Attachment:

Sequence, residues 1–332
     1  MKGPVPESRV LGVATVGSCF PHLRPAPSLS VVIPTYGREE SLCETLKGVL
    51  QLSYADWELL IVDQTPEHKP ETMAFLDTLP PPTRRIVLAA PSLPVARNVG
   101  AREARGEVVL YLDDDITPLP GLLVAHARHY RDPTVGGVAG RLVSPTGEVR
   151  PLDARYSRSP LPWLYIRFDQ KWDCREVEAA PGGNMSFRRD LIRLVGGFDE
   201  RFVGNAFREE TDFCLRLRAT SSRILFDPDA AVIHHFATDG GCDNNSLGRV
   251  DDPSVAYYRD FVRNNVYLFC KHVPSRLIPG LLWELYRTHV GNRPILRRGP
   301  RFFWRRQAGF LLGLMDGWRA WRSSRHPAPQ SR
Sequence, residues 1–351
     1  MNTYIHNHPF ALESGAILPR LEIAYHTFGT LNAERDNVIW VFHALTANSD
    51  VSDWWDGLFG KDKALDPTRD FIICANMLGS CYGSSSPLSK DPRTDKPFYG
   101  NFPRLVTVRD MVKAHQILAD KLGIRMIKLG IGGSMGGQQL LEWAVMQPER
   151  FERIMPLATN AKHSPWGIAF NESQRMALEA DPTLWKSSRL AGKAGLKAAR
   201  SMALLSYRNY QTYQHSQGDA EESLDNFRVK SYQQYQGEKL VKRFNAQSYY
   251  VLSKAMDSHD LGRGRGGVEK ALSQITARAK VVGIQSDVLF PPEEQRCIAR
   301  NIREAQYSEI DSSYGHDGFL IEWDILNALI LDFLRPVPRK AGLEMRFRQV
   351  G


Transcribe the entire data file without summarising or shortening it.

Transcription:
Sequence, residues 1–332
     1  MKGPVPESRV LGVATVGSCF PHLRPAPSLS VVIPTYGREE SLCETLKGVL
    51  QLSYADWELL IVDQTPEHKP ETMAFLDTLP PPTRRIVLAA PSLPVARNVG
   101  AREARGEVVL YLDDDITPLP GLLVAHARHY RDPTVGGVAG RLVSPTGEVR
   151  PLDARYSRSP LPWLYIRFDQ KWDCREVEAA PGGNMSFRRD LIRLVGGFDE
   201  RFVGNAFREE TDFCLRLRAT SSRILFDPDA AVIHHFATDG GCDNNSLGRV
   251  DDPSVAYYRD FVRNNVYLFC KHVPSRLIPG LLWELYRTHV GNRPILRRGP
   301  RFFWRRQAGF LLGLMDGWRA WRSSRHPAPQ SR
Sequence, residues 1–351
     1  MNTYIHNHPF ALESGAILPR LEIAYHTFGT LNAERDNVIW VFHALTANSD
    51  VSDWWDGLFG KDKALDPTRD FIICANMLGS CYGSSSPLSK DPRTDKPFYG
   101  NFPRLVTVRD MVKAHQILAD KLGIRMIKLG IGGSMGGQQL LEWAVMQPER
   151  FERIMPLATN AKHSPWGIAF NESQRMALEA DPTLWKSSRL AGKAGLKAAR
   201  SMALLSYRNY QTYQHSQGDA EESLDNFRVK SYQQYQGEKL VKRFNAQSYY
   251  VLSKAMDSHD LGRGRGGVEK ALSQITARAK VVGIQSDVLF PPEEQRCIAR
   301  NIREAQYSEI DSSYGHDGFL IEWDILNALI LDFLRPVPRK AGLEMRFRQV
   351  G